According to another aspect of the invention, there is provided a method for detecting a class of substance containing quadrupolar nuclei in a sample using nuclear quadrupole resonance, including the following steps:

generating a combination of the steady state free precession pulse sequences, the pulse sequences consisting of pulses that contain phases of the carrier frequency chosen from a certain set of unmatched phases distributed within the interval from 0 to 2π radian, with every sequence different from the others either by the number of phases chosen from the set, or by the unmatched phase order inside the sequence; and

irradiating the sample with said combination of the pulse sequences.

Preferably, the method includes alternating not less than two unmatched phases in at least one of the pulse sequences.

Preferably, the method includes detecting nuclear quadrupole resonance signals when the combination of the pulse sequences irradiates the sample; and

combining all said nuclear quadrupole resonance signals to generate the resulting signal.

Preferably, the predetermined frequency of the pulse sequence is near to one of the NQR frequencies of the substances to be detected.

Alternatively, it is preferred to mitigate the effect of temperature by using a combination of two or more sequences different from a combination of PAPS and NPAPS, arranged so that a definite regularity of the phase alteration of pulses in each of the sequences is equivalent to a shift of spectral components of the sequences in relation to each other, and in at least one of the sequences not less than two phases are alternating and none of the sequences contains a preparatory pulse.

According to a preferred arrangement of this alternative of the invention, there is provided a method of detecting a class of explosive or narcotic substances containing quadrupolar nuclei in a sample using nuclear quadrupole resonance, including the following steps:

generating a combination of the steady state free precession pulse sequences without a preparatory pulse, using a combination of two or more sequences different from a combination of PAPS and NPAPS, the pulse sequences consisting of pulses that contain phases of the carrier frequency chosen from a certain set of unmatched phases distributed within the interval from 0 to 2π radian, with every sequence different from the others either by the number of phases chosen from the set, or by the sequence order inside the sequence; and irradiating the sample with the combination of the pulse sequences.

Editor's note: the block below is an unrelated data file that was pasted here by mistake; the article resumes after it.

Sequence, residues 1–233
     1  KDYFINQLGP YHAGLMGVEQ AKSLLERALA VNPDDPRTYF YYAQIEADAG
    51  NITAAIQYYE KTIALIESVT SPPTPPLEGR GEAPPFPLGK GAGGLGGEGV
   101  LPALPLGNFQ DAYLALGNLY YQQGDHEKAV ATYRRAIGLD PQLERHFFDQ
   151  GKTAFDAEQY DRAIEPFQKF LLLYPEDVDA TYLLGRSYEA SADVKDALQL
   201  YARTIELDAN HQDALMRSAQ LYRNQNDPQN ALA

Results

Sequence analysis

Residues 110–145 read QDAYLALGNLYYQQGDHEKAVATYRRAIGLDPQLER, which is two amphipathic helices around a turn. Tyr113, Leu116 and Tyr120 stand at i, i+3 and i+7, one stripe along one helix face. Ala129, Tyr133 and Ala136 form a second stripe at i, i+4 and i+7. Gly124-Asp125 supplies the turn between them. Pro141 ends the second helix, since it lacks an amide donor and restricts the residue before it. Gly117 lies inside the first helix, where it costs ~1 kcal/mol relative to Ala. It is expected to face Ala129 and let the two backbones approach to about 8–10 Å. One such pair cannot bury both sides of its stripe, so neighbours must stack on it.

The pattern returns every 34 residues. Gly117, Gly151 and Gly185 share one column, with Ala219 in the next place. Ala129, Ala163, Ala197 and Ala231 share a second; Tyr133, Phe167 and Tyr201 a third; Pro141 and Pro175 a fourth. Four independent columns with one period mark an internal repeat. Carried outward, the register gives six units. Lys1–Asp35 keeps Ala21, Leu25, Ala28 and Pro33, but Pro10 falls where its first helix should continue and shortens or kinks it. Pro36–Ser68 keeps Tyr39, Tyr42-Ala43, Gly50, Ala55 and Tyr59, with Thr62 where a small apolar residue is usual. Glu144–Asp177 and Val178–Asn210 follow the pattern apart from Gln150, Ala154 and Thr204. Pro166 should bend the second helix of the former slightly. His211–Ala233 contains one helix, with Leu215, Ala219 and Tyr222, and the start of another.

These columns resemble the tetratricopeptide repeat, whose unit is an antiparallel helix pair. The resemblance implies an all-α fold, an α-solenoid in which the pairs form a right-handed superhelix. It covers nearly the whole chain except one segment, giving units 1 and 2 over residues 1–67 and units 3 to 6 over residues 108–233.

Preferably, the method includes detecting nuclear quadrupole resonance signals when the combination of the pulse sequences irradiates the sample; and

combining all said nuclear quadrupole resonance signals to generate the resulting signal.

In accordance with a further aspect of the invention, the principal object of the invention is achieved by completing one measurement act using a combination that consists of at least two multi-pulse sequences having the same carrier frequency of the RF pulses, but different phase shifts between pulses in each sequence of the said combination.

This results in all the sequences of the combination having a different effective carrier frequency, and, consequently, the NQR signals obtained after each of the sequences having a different dependence on the frequency offset. If the NQR signals from different sequences are combined, then the resulting intensity of the signal has a significantly reduced dependence on the frequency bffset and, consequently, the effect of temperature.

In a preferred aspect of the invention, it is important also to consider that any spin system has a non-zero “phase memory” time. The phenomenon of “phase memory” manifests itself in the fact that a sudden momentary perturbation of the spin system influences its evolution for a certain period of time. This phenomenon can be used to change the dependence of the NQR signal on the frequency offset to reduce the effect of temperature. For this purpose preparatory pulses (or groups of preparatory pulses) may be used that are switched on before one or several sequences of the combination.

BRIEF DESCRIPTION OF THE DRAWINGS

The invention will be better understood in the light of the following description of two preferred embodiments thereof. The description is made with reference to the accompanying drawings, wherein: